Today’s pace of doing as much as possible in as little time as possible has robbed us of enjoying life. So often it takes a tragic event in life to get us to stop and really think about what is important to us. It’s at these times that we often realize that life is fleeting and happiness is transitory and we understand the importance of creating positive memories and savouring them. The fact is, that time is a limited resource for humans; once it’s gone we cannot reclaim it, so when we rob ourselves of enjoying something we fail to make it last and it just doesn’t register in our brain as a positive memory.
According to social psychologist, Fred Bryant of Chicago’s Loyola University, the first thing people do when they want to enjoy something is to make it last; they slow down. Bryant has been researching savouring for more than three decades—particularly how an experience gets translated and transformed into happiness and good memories. His research studies the role of time in savouring and he often presents people with food and tells then to enjoy that food as much as possible. He has found that when people want to enjoy something they try to make it last; they try to stretch the experience out. According to Bryant, “[Busyness] robs us of the desire to linger, it tells us that….if you’re not doing something you’re wasting time, which is crazy. Time is time. You can spend it in a different way. It never gets hoarded and saved.”
Bryant’s advice for savouring is to take the time to build mental pictures. “It’s the building of the mental pictures that you notice things that you want to remember—the joyous, beautiful things that are worth savouring. That helps you focus on them and enjoy the moment more—not only in the moment but later on.”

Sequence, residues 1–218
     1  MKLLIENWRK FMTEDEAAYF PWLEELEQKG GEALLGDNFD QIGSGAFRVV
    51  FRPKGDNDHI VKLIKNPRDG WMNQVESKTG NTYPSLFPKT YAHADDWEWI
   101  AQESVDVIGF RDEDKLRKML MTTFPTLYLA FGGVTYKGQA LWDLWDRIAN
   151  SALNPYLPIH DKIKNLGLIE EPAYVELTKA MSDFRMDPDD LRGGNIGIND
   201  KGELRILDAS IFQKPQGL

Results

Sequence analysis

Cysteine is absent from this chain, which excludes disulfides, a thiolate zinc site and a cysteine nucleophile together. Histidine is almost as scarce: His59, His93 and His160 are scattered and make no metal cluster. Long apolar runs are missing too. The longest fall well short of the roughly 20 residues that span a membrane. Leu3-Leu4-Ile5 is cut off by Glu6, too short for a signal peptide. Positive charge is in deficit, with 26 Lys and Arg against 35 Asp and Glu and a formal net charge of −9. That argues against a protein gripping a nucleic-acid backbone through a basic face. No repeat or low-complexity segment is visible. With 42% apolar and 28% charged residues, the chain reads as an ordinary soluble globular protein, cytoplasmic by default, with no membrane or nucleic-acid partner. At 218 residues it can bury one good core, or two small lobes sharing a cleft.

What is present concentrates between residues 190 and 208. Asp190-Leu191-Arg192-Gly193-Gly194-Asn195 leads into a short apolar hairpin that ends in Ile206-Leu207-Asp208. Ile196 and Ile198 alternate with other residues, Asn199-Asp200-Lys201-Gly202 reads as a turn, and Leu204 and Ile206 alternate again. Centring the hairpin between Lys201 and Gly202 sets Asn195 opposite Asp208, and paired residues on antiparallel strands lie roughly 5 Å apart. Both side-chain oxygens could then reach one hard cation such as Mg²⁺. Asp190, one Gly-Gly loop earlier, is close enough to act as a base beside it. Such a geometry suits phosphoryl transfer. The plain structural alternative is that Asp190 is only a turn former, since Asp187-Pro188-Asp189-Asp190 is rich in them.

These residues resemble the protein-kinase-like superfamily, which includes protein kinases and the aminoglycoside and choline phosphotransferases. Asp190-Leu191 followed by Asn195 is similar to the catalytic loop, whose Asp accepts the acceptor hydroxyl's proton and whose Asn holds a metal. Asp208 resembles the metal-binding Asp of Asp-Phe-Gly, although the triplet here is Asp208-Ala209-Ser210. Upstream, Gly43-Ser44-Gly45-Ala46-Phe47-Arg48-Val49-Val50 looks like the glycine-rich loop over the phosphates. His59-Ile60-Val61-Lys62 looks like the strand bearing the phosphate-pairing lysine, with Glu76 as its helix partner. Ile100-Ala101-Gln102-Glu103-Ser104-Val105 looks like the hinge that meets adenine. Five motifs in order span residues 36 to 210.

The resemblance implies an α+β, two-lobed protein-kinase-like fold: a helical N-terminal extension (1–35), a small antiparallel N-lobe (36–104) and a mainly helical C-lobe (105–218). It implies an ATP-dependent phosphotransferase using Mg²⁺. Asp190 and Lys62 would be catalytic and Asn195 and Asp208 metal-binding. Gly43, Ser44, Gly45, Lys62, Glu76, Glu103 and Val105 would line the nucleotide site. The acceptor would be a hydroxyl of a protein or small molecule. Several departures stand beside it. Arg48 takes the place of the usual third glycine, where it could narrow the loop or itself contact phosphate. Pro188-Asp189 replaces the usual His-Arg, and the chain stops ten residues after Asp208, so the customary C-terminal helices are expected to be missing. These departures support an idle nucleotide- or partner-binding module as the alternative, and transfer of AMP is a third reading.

There is another upside to savouring, which is that savouring leads to positive emotions. According to social psychologist Barbara L. Frederickson, a leading scholar within social psychology, affective science (study of emotion) and positive psychology, experiences of positive emotions prompt individuals to engage with their environment and partake in activities, many of which are evolutionarily evolved. Joy for instance, creates the urge to play and pushes the limits of being creative. Contentment creates the urge to sit back and savour current life circumstances and integrates them into new views of ourselves and our world. Interest creates the urge to explore, take in new information and experiences and expands the self in the process. Love creates reoccurring cycles of urges to play with, explore and savour our loved ones.
Frederickson’s “Broaden and Build Theory” posits that positive emotions produce upward spirals towards further experience of positive emotions. This leads to building enduring personal resources that bode well for us in times of adversity and over time produce improved well-being as well as resiliency. This is because these personal resources we accrue during states of positive emotions are durable and outlast the transient emotional states that led to their acquisition.
According to Frederickson, positive emotions can also be good for business. She says that an individual’s experience of positive emotion can reverberate through other organizational members and across interpersonal transactions with customers. In this way it also fuels optimal organizational functioning and helps organizations to thrive as well.
The art of savouring requires each of us to intentionally focus on experiencing moments in our life; translating and transforming them into happiness and good memories. Metaphorically, we must stop to smell the roses. It’s the way to create happy memories and savour special moments in life that will lead us to integrating new views of ourselves and the world and provides us with strength to get through difficult circumstances.